Johannesburg - Do you show up at a party without an invitation or clench your jaws and sweat compulsively wondering if the ship is about to sail without you?

Are you constantly on your cellphone, SMS excessively and tweet while in the loo, afraid of not being “with it”?

Then the chances are that you’ve have contracted South Africa’s latest epidemic, Fomo – Fear of Missing Out.

Fomo has been identified as an addiction that is sweeping the nation and according to a lifestyle survey by Pharma Dynamics, a flu and medicine company, 62 percent of 3 000 respondents admitted they lived in constant fear of missing out.

The survey revealed that more than a third of the survey participants often interrupted one call to take another even when they did not know who was on the other line or checked their Twitter stream or Facebook page while on a date because they believed something more interesting might be happening.

Mariska Fouche, spokesman for Pharma Dynamics, said: “Fomo is a blend of anxiety, inadequacy and irritation that can flare up, especially while browsing social media. Gazillions of Twitter messages, status updates and photos give exciting glimpses of the daily lives and activities of friends, co-workers and peers, and we don’t want to miss out.”

According to the survey, not even a serious cold or flu would deter 64 percent of respondents from going to work and 13 percent still go to a party or get-together despite feeling ill.

She warns that Fomo damages the immune system.

“Our modern-day obsession with not missing out weakens our immune system, raising the odds of catching a cold or flu. We push ourselves to the limit, always wanting to know, be everywhere and do everything even when we are ill,” she said.

Fouche said three percent of the survey participants admitted to saying yes when they would rather say no for fear of missing out.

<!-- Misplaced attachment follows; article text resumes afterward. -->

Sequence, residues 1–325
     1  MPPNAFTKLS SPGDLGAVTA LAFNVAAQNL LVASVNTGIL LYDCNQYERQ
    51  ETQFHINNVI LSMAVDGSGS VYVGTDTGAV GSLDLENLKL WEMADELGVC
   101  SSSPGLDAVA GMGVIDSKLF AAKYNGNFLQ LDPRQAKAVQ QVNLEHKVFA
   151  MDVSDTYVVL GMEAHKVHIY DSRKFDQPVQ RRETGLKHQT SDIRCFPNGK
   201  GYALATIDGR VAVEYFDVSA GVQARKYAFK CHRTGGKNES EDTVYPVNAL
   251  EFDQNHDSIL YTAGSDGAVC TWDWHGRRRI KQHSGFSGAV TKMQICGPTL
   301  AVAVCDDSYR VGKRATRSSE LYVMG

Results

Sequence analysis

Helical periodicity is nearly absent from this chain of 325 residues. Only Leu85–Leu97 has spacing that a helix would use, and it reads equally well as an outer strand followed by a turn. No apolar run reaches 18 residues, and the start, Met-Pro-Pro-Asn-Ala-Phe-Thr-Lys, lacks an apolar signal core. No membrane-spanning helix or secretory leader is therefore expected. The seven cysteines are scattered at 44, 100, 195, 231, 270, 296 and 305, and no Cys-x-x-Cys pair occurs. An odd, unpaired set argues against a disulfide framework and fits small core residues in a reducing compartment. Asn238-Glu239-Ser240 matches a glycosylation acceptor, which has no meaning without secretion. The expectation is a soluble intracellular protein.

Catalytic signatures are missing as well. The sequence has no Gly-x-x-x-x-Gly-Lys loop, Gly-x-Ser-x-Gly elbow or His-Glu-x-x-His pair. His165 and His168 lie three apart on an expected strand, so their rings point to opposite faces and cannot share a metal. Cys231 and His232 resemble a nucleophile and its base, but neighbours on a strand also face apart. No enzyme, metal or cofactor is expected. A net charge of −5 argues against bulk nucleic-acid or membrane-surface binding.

“It is very difficult to say no when we have been programmed to say yes to most things, after all, we never know where yes can lead us. That is why when we miss a party or a social event, we sometimes feel a little less important than those who did go,” said Fouche, adding that social media induced Fomo with Facebook proving to be the most popular channel to boost it.

Even big brands are capitalising on Fomo. Alcohol company Smirnoff has gone on a “No fomo party report” with 5FM’s Roger Goode where he travels around the country “Fighting Fomo” and asking people why they believe their party is “un-missable”.

Professor Pearl Sithole, sociologist at the University of KwaZulu-Natal, said Fomo came from needing to belong.

“There are negative conditions in life that are a progression from something good or harmless done excessively, Fomo is one such.”

Sithole believes Fomo can be related to peer pressure.

“At a young age we see this easily when we talk of peer pressure which is a condition of not wanting to be judged as a non-starter by your group to a point of merely doing bad things with them to alleviate that perception. Fomo is the same, it’s only that it takes a slant of consumerism. People want to be seen to be following the current trends, follow what their friends are up to, all within the fast pace knowledge circulation,” said Sithole. - The Star